What a Pickle! Homelessness is on the increase.
A leaked letter from Eric Pickles to David Cameron has cheered me up today. Pickles told the Prime Minister that his welfare policies which are due to come into effect in 2013 risk making 40,000 families homeless. This aspect is far from cheery, but what is heartening is that there are people working at the heart of Government who have a conscience.
There’s no doubt in my mind that the decisions of this increasingly nasty right wing government will increase homelessness and child poverty. The letter warns that:
• 40,000 families will be made homeless by the welfare reforms which spells "some very serious practical issues for DCLG priorities".
• An estimated £270m saving from the benefits cap will be wiped out by the need to divert resources to help the newly homeless and is likely to "generate a net cost”
• There will be additional costs to local authorities (having to provide extra homelessness provision and temporary accommodation)
If you consider that Notts County Council and Nottingham City Council have just used a wrecking ball on homelessness prevention services, it brings the leaked letter into sharp focus. Budgets have been cut by in excess of 50%. This comes at a time when people most need help and support to hold onto their home. The ‘Supporting People’ regime which has delivered a great many benefits to society as a whole, has been unceremoniously gutted by the coalition.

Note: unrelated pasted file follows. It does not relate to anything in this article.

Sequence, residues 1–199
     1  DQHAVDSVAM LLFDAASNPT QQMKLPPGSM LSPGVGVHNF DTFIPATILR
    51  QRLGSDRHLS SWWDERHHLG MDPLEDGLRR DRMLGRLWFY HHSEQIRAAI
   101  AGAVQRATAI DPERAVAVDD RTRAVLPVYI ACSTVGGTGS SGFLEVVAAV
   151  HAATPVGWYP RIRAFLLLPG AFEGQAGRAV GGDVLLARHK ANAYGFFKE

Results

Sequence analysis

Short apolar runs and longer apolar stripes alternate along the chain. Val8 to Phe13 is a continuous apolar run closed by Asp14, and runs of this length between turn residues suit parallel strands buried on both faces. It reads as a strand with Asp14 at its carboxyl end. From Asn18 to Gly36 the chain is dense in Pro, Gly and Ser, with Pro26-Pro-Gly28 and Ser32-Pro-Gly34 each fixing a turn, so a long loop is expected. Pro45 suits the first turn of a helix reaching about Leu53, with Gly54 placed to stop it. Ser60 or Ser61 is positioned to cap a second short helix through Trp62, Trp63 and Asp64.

Andrew Redfern, Chief Exec of Framework Housing Association sums it up very well.
“SP is being destroyed by the recklessness of politicians and the incompetence of civil servants. All three parties are implicated.
The decisions taken at central and local level about the future of Supporting People have little or nothing to do with the economy. They are unnecessary, ill-considered changes driven by arrogance and an unwillingness to listen.
The reduction and closure of services is already having a visible impact. Informal street counts show an increase in rough sleeping over the past few months. Hostels are beginning to ‘silt up’ as people have nowhere to go, and more people are seeking immediate help by knocking on the doors of offices, churches and private dwellings.
Disproportionate cuts, targeted at the most vulnerable, do not merely harm those from whom services are withdrawn. They also increase the overall burden on the exchequer – an impact that is masked by the transfer of cost from one budget to another.”
So where do we go from here? Well, given that Iain Duncan Smith will probably resign if there’s a U-turn on the benefits bill, perhaps the solution for Cameron is a less embarrassing backtrack on localism… So I say…. Restore the Supporting People Ringfence. It’s sorely needed, now more than ever before.